William Moulton Marston was most definitely not a typical comic book creator. The majority of Golden Age superhero writers were young men: Jerry Siegel was twenty-three when Action Comics #1 premiered, Bill Finger was twenty-five when Detective Comics #27 hit the stands, and Joe Simon was twenty-seven when Captain America Comics #1 was released. Marston was forty-eight years old when Wonder Woman first appeared in All Star Comics #8. Superman’s Joe Shuster, Batman’s Bob Kane, and Captain America’s Jack Kirby were all twenty-three when their respective heroes debuted, but H. G. Peter, the established cartoonist Marston handpicked to draw Wonder Woman, was nearly three times the age of his counterparts.

Many of these young creators worked in comics in hopes of parlaying their work into a real job, like advertising, but Marston already had a job. In fact, he had several. Marston was thrice a graduate of Harvard University, earning a BA in 1915, a law degree in 1918, and a PhD in psychology in 1921. He taught at several universities, published books, worked as an advisor for a film studio in Hollywood, and regularly wrote articles for magazines like the Rotarian and Ladies Home Journal.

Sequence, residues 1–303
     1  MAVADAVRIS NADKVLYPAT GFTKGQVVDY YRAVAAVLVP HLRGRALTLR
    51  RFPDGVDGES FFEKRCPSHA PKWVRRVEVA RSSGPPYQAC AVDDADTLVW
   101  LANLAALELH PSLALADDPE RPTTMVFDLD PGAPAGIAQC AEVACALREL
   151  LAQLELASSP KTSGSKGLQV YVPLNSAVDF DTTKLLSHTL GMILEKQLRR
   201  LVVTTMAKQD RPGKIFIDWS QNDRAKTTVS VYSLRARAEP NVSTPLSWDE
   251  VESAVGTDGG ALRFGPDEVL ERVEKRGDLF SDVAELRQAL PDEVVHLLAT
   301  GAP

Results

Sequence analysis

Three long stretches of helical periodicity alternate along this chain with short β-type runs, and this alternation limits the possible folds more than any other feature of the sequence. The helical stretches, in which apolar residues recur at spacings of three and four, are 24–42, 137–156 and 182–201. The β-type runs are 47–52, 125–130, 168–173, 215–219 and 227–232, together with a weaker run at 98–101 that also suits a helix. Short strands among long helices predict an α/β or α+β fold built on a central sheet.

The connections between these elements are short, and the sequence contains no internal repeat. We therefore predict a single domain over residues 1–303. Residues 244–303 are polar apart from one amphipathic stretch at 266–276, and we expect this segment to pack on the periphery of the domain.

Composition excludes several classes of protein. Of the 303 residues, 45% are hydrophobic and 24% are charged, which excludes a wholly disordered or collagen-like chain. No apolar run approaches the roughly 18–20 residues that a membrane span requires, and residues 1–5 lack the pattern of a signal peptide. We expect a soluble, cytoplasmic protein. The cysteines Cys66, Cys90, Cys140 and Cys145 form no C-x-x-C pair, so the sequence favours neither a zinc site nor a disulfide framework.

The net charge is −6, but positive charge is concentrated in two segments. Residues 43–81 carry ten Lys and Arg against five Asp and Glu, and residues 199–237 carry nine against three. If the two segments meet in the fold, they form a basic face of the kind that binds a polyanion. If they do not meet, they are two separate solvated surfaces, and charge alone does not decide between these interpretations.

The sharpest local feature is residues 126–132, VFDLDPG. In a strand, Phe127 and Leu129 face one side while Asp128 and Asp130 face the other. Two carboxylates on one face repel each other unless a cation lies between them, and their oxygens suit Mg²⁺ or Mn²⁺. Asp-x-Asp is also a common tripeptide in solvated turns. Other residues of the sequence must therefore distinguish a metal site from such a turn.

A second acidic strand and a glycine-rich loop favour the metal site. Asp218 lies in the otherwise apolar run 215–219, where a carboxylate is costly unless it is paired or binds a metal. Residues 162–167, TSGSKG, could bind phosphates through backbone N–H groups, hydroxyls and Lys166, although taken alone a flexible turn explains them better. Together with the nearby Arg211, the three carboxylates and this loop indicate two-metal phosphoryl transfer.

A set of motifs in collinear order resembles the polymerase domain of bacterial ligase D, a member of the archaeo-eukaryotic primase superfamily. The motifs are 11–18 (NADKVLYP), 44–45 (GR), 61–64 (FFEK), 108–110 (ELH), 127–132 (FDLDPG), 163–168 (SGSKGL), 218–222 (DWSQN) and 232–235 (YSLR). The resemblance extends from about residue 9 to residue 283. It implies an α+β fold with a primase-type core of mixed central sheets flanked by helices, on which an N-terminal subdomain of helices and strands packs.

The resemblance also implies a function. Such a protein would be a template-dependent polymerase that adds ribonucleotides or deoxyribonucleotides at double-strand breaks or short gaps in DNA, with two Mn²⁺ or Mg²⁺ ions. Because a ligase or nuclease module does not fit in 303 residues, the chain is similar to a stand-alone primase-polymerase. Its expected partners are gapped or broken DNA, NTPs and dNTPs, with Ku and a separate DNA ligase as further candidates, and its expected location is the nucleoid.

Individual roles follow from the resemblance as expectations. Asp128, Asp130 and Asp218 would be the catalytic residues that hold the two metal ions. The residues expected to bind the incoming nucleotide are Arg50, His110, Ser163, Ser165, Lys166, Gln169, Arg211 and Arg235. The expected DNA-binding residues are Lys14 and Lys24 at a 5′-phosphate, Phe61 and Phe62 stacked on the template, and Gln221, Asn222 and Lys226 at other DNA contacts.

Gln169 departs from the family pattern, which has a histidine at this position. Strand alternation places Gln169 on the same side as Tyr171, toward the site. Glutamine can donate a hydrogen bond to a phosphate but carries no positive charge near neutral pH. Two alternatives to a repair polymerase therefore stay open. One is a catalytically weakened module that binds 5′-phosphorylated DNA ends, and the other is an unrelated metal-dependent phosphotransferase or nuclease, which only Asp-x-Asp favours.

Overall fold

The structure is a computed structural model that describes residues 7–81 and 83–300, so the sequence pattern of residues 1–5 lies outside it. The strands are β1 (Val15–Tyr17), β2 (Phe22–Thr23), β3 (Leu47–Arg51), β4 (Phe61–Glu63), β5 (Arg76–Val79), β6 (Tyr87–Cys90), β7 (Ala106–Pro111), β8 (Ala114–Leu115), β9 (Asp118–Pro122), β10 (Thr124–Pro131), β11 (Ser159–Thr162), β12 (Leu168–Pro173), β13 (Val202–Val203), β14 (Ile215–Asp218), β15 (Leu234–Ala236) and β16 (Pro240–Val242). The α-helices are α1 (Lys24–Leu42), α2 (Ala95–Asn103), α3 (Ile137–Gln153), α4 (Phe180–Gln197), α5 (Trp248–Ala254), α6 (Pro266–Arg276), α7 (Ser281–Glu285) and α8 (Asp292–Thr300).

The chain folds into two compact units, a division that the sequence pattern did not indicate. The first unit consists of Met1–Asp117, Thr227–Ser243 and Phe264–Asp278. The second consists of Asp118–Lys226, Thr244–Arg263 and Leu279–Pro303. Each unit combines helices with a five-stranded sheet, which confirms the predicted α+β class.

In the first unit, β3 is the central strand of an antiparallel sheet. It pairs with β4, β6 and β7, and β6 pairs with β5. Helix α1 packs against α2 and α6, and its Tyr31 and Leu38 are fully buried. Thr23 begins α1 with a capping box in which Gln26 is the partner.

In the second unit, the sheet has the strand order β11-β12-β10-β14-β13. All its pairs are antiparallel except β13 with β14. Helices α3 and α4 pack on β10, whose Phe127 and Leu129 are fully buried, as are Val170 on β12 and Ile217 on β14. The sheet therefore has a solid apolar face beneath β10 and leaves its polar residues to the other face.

Before Wonder Woman, Marston was best known for helping to invent the lie detector test, or polygraph, which was based on his research in systolic blood pressure. He was both an academic and a bit of a huckster, using his lie detector for noble purposes by assisting in criminal trials while also appearing in ads for Gillette razors to definitively prove they were the superior brand. Outside of the lie detector, Marston’s psychological work had lasting effects as well, and his DISC theory on human behavior is still widely used as a template for personality assessment tests today.